Canada is getting a fourth vaccine to prevent the coronavirus disease 2o19 (Covid-19) as the country’s health regulator has cleared a Johnson & Johnson shot that works with just one dose instead of two, officials said Friday.
Health experts are eager for a one-and-done option to help speed vaccination. Canada has also approved vaccines from Pfizer, Moderna and AstraZeneca and Health Canada is the first major regulator to approve four difference vaccines, said Dr. Supriya Sharma, Health Canada’s chief medical adviser.
Like many countries, Canada does not have domestic production and has struggled with an immediate shortage of vaccines. The US so far isn’t allowing locally made vaccines to be exported, so Canada — like the other US neighbor, Mexico — has been forced to get vaccines from Europe and Asia.
Canada has pre-purchased 10 million Johnson & Johnson doses, with options to buy another 28 million. It was not immediately clear when Canada would get its first shipment.
“This is the fourth vaccine to deemed safe by Canada’s health experts — and with millions of doses already secured, we’re one stop closer to defeating this virus,” Prime Minister Justin Trudeau tweeted.
The US approved Johnson and Johnson last month. The US Food and Drug Administration said J&J’s vaccine offers strong protection against what matters most: serious illness, hospitalizations and death. One dose was 85-percent protective against the most severe Covid-19 illness in a massive study that spanned three continents — protection that remained strong even in countries such as South Africa, where the variants of most concern are spreading.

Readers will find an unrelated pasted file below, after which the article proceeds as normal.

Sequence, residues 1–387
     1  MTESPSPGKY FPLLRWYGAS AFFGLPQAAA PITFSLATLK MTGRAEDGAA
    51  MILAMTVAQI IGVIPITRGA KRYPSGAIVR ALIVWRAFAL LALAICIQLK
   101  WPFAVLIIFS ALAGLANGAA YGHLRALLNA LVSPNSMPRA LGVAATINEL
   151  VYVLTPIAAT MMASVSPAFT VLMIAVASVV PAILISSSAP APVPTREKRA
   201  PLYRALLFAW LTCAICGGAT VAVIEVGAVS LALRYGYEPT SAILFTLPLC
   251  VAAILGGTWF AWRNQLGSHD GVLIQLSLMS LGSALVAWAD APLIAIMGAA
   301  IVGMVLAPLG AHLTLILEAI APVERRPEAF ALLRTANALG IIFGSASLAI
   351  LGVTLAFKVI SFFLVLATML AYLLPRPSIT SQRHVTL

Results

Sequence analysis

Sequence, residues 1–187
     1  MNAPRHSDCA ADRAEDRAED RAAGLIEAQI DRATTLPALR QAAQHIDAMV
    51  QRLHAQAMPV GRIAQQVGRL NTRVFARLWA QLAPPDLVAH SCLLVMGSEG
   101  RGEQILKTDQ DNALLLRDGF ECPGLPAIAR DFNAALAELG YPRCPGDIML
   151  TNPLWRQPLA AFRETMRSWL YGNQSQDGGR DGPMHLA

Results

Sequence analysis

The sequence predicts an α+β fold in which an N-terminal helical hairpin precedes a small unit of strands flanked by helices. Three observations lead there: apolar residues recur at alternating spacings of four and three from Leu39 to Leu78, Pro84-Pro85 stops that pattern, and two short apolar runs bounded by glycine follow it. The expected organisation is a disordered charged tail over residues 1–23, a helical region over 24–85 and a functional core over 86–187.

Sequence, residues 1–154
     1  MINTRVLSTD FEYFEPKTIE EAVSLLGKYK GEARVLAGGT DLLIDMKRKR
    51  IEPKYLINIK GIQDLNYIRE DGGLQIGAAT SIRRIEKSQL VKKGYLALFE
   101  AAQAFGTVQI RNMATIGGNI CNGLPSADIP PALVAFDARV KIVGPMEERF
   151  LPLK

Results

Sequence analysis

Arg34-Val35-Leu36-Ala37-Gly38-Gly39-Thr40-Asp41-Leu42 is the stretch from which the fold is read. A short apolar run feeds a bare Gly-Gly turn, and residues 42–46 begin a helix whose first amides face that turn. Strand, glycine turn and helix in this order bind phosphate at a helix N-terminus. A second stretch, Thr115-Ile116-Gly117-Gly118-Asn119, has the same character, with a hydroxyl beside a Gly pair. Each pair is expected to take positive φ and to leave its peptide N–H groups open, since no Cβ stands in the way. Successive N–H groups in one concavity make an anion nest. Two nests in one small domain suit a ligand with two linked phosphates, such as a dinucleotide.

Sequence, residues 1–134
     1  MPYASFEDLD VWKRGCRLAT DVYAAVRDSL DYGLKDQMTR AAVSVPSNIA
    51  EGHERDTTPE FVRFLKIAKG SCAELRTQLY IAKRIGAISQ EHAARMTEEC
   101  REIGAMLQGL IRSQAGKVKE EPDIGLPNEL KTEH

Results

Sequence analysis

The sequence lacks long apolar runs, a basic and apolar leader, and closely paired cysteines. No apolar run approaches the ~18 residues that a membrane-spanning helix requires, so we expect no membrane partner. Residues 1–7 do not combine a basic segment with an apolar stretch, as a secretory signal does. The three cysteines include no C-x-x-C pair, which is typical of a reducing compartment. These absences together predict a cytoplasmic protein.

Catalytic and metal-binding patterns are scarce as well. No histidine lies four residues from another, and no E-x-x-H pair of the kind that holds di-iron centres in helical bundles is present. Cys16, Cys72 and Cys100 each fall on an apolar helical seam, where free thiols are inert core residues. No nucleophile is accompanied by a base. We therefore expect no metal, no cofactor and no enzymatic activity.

J&J also is seeking authorization for emergency use of its vaccine in Europe and from the World Health Organization. The company aims to produce about 1 billion doses globally by the end of the year. Last month, the island nation of Bahrain became the first to clear its use.
The vaccine shortage is so acute in Canada that provincial governments are now saying they will extend the interval between the two doses of Pfizer, Moderna and AstraZeneca vaccines to four months rather than three to four weeks so they can quickly inoculate more people.
Canadians 80 and above in the general public are only starting to get vaccinated this month and the National Advisory Committee on Immunization said this week that extending the dose interval to four months would allow as many as 80 percent of Canadians over the age of 16 to receive a single dose by the end of June simply with the expected supply of Pfizer-BioNTech and Moderna vaccines.
Second doses would begin to be administered in July as more shipments arrive, the panel said.
Canada also faces the prospect of vaccine delivery disruptions from the European Union. A shipment of over a quarter million AstraZeneca vaccines destined for Australia has been blocked from leaving the European Union in the first use of an export control system instituted by the bloc to make sure big pharma companies respect their local contracts.